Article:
Carbon market intermediaries act with little transparency, according to report

Carbon market intermediaries act with little transparency, according to report

  • A new report reveals that few of the brokers, resellers and cryptocurrency vendors that act as intermediaries in the voluntary carbon market reveal the commissions and markups on the credits they buy and sell.
  • This lack of transparency makes it difficult, if not impossible, to accurately assess how much money from these purchases is finding its way to climate mitigation efforts.
  • The report calls on intermediaries to disclose their fees and on supporting organizations to share more information about these transactions, with the goal of illuminating the true potential impact of the voluntary carbon market on climate change.

Only about 10% of the exchanges, brokers, resellers and cryptocurrency vendors that buy and sell voluntary carbon market credits share the precise commissions and profits they make in these exchanges, according to a review commissioned by the nonprofit watchdog Carbon Market Watch.

The opacity with which these “intermediaries” operate makes it impossible to discern how much money is actually supporting efforts such as reforestation projects aimed at slowing climate change, said Gilles Dufrasne, Carbon Market Watch’s policy lead for global carbon markets.

“Ultimately, what we should care about is how much money is flowing to climate action,” Dufrasne told Mongabay. “It’s a bit crazy that nobody is measuring this. There is no number, no data at all on how much finance is really flowing to climate action.”

This lack of clarity exists even as companies, governments and individuals have increasingly looked to the voluntary carbon market as a strategy to draw down their impact on the global climate. One oft-cited estimate put the value of the market at nearly $2 billion by 2021. But Dufrasne said that isn’t “an informative number.”

“It’s not a great estimate,” he added, “because it’s just a multiplication of number of trades by the price [of each credit].”

For example, a 5 euro credit traded 10 times adds 50 euros to the overall value of the market. But in reality, only 5 euros gets to the project owner where it can be used for climate mitigation, Dufrasne writes in a new report released Feb. 2. The other 45 euros goes to commissions and markups for the parties involved in those trades.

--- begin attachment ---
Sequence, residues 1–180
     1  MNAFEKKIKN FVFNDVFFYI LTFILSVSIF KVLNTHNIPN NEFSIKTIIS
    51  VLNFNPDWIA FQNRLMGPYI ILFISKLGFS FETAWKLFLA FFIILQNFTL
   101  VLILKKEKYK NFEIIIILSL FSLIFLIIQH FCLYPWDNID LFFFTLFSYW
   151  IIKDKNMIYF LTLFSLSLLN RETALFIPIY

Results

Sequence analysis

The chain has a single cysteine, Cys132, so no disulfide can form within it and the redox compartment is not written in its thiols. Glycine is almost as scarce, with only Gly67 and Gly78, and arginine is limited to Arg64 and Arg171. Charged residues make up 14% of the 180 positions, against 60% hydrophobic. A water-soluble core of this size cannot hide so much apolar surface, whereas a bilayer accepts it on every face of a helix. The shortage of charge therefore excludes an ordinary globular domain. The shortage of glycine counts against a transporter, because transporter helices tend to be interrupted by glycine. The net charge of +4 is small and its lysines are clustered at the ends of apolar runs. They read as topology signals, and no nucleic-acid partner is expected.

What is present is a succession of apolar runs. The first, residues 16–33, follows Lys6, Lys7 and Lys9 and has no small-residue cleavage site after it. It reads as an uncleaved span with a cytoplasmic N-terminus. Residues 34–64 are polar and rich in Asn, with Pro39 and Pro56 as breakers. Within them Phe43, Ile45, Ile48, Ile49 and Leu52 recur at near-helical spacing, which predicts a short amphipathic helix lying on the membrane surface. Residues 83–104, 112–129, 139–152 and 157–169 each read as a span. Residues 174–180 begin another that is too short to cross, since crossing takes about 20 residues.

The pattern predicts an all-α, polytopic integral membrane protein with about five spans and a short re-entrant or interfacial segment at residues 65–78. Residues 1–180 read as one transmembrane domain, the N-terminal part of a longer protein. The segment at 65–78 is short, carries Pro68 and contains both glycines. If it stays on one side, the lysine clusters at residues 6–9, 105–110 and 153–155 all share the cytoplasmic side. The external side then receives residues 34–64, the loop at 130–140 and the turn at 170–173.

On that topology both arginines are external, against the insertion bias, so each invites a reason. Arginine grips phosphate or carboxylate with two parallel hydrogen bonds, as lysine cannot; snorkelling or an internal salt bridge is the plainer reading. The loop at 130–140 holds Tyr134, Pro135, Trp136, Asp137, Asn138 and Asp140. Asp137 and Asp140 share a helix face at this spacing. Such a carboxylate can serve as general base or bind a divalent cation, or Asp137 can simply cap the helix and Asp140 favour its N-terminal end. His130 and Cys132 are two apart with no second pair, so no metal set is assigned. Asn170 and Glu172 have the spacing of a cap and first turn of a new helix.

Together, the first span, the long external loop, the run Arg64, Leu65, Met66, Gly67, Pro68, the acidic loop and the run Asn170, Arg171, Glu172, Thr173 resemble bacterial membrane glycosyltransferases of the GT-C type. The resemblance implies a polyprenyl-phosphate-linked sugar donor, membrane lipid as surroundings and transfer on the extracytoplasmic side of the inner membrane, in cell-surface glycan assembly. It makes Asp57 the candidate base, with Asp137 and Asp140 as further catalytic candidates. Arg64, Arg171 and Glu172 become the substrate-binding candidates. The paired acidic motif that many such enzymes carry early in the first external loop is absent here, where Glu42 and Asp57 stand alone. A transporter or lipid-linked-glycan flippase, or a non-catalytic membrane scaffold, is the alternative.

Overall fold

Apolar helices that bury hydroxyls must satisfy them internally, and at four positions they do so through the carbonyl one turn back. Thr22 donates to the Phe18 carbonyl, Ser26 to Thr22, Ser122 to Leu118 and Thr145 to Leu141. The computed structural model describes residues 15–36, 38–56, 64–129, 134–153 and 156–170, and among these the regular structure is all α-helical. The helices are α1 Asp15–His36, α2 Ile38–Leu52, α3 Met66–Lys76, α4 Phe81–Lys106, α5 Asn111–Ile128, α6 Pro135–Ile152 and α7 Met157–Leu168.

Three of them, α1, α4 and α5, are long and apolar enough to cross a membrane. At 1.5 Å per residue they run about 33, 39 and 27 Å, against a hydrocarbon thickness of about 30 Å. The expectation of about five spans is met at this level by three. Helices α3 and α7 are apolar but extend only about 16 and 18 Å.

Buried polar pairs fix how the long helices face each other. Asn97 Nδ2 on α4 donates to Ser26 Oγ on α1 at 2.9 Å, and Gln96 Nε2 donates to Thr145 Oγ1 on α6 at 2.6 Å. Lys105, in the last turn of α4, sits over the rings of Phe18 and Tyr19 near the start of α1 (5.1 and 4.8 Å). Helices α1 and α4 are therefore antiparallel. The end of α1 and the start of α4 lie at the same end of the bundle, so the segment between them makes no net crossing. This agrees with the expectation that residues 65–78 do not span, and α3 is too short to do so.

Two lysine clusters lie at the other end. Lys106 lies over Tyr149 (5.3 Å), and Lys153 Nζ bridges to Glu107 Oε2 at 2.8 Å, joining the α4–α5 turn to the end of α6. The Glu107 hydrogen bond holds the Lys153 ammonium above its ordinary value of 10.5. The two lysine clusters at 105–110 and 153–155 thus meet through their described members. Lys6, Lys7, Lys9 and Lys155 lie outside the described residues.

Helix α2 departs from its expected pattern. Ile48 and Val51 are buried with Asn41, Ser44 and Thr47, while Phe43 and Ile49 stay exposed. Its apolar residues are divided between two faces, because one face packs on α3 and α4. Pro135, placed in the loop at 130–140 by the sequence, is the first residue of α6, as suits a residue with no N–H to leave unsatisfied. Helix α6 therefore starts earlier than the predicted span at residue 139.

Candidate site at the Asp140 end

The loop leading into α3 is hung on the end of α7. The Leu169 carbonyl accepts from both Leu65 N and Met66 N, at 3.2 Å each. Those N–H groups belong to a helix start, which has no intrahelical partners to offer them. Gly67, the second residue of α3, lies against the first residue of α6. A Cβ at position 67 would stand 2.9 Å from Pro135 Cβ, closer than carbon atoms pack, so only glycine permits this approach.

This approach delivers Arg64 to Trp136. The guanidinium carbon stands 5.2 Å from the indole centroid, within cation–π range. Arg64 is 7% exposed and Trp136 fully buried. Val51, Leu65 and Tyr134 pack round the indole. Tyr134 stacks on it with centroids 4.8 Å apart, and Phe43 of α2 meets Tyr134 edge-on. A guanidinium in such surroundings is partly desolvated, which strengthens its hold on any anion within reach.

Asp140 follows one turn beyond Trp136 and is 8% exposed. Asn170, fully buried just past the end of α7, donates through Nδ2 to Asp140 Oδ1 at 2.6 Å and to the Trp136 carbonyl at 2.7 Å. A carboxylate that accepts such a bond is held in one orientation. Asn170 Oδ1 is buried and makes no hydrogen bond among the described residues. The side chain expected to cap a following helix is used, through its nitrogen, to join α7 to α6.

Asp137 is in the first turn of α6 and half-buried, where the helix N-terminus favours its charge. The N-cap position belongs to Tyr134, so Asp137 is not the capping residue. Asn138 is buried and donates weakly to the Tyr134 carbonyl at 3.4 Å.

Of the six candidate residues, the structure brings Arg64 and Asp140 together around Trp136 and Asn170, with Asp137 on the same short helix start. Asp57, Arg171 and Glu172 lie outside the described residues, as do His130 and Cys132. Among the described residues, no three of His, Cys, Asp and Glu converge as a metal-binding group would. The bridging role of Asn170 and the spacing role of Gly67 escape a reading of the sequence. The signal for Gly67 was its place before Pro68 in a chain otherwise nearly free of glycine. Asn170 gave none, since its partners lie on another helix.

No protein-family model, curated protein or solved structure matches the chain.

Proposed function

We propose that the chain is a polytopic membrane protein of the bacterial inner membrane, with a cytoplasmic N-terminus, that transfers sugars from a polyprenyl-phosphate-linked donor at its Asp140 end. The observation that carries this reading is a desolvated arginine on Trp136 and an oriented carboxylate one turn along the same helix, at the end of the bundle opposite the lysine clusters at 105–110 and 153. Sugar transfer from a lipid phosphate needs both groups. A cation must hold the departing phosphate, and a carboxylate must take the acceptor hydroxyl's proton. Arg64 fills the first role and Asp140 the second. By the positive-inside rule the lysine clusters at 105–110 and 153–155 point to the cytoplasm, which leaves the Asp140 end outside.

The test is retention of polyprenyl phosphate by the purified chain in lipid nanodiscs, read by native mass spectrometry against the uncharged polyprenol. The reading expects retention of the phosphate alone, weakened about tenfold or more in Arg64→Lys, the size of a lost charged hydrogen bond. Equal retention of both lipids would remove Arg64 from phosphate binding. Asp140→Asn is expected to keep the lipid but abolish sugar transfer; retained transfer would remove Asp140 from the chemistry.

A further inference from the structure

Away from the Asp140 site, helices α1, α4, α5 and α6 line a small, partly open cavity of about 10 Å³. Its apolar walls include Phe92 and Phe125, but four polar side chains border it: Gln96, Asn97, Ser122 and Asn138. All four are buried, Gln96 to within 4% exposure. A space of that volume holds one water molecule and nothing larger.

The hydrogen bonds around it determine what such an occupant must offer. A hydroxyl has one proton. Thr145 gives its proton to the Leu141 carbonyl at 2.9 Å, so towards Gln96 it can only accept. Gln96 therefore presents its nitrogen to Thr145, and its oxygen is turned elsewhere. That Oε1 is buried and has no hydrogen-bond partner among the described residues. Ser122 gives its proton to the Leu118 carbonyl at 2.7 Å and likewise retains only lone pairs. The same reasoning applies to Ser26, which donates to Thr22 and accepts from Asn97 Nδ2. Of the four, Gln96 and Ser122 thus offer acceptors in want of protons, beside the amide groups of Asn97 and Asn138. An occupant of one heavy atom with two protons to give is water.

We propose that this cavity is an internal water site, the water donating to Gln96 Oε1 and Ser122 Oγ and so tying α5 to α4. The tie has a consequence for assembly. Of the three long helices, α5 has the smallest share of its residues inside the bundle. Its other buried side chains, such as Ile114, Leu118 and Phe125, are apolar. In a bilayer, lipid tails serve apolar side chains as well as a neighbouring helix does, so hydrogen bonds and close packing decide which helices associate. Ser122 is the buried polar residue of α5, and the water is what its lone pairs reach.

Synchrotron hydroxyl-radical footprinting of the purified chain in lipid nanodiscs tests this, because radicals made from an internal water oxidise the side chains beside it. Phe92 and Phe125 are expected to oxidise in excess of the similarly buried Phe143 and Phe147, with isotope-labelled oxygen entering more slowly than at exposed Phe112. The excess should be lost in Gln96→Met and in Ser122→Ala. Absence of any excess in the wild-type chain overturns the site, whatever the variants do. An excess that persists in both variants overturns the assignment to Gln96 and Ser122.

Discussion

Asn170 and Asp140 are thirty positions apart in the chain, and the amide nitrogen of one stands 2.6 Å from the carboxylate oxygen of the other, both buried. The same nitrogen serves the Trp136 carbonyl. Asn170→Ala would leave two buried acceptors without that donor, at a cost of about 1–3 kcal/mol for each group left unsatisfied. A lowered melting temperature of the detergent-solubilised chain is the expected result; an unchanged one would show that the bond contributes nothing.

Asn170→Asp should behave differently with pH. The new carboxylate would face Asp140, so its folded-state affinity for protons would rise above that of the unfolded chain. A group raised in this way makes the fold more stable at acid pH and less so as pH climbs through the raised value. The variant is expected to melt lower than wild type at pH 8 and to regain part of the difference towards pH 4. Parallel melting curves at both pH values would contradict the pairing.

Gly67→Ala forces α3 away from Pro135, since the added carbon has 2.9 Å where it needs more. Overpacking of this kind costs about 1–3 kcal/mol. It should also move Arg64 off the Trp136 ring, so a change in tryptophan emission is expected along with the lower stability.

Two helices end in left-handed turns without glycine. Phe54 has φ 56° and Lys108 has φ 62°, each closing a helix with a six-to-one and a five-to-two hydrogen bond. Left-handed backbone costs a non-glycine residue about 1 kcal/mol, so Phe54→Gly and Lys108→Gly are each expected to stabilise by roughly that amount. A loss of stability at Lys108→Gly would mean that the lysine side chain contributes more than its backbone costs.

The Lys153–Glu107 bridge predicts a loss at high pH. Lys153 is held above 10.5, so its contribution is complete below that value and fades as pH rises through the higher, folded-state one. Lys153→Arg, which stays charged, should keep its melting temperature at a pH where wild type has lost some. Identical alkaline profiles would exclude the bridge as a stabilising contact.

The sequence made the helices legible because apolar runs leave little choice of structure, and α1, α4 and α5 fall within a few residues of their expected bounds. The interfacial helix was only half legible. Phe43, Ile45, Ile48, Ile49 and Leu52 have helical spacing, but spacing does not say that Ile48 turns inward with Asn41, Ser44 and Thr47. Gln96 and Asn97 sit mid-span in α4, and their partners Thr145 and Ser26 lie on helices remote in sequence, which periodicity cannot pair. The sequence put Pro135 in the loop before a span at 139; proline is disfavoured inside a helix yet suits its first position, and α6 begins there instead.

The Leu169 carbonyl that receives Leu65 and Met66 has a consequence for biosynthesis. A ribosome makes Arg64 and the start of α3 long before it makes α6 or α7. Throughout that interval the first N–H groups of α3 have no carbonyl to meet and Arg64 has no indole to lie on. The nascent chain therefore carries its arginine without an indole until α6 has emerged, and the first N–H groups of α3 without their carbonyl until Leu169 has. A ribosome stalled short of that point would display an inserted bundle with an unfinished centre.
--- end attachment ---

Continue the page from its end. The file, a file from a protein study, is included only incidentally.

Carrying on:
With so few of these entities making their margins public, there’s no way to determine how many times a credit has been traded before it’s “retired” and taken out of circulation.

The opacity with which “intermediaries” operate makes it impossible to discern how much money is actually supporting efforts such as reforestation projects aimed at slowing climate change, say experts. Image by Andrea Stone, USAID/ECAM via Flickr (CC BY-NC 2.0).

Such unanswered questions can undermine confidence in carbon markets as an avenue for stemming climate change. A recent survey by Conservation International and the We Mean Business Coalition found that more than 50% of corporate sustainability managers said questions about how the money they’re supposedly investing in climate action is used made them more hesitant about entering the market.

Still, intermediaries play an important role, Dufrasne said. They help ensure that buyers and sellers of credits can find each other in a “decentralized” marketplace that lacks a single exchange for these transactions to take place.

Because the market is so spread out, improving transparency among intermediaries will require action from a variety of participants, the report says. Buyers can select only those credits from intermediaries that disclose the fees they charge and the profits they make. The intermediaries themselves can take steps to share this information publicly on their own. Standards such as the Integrity Council for the Voluntary Carbon Market, an independent governance body, which has said it will release its updated “core carbon principles” in March 2023, could also require that sellers reveal how much a project owner was paid for carbon credits. Organizations like Verra that host registries could share more information about the account holders they list so that it’s clear which ones are operating as intermediaries.

Ultimately, these reforms could encourage more competitive markups and commissions from intermediaries, Dufrasne said. (The 10% that did report their fees charge an average of 15.5% per transaction.) More transparency could also lead to a more equitable share of funding reaching climate mitigation projects, many of which are in less-industrialized countries in the Global South. It could improve fairness and support participants in the market whose primary goal is to channel funds to climate action, he said.

“All you lose are the intermediaries who are … making a very high margin and making money off the back of the climate,” Dufrasne said.

“Without more transparency, there’s the risk of placing a bet on the wrong horse,” he added. “It might not be delivering as much finance as we think it is.”

Banner image: A reforestation program in the Democratic Republic of Congo. Image by Axel Fassio/CIFOR via Flickr (CC BY-NC-ND 2.0).

John Cannon is a staff features writer with Mongabay. Find him on Twitter: @johnccannon

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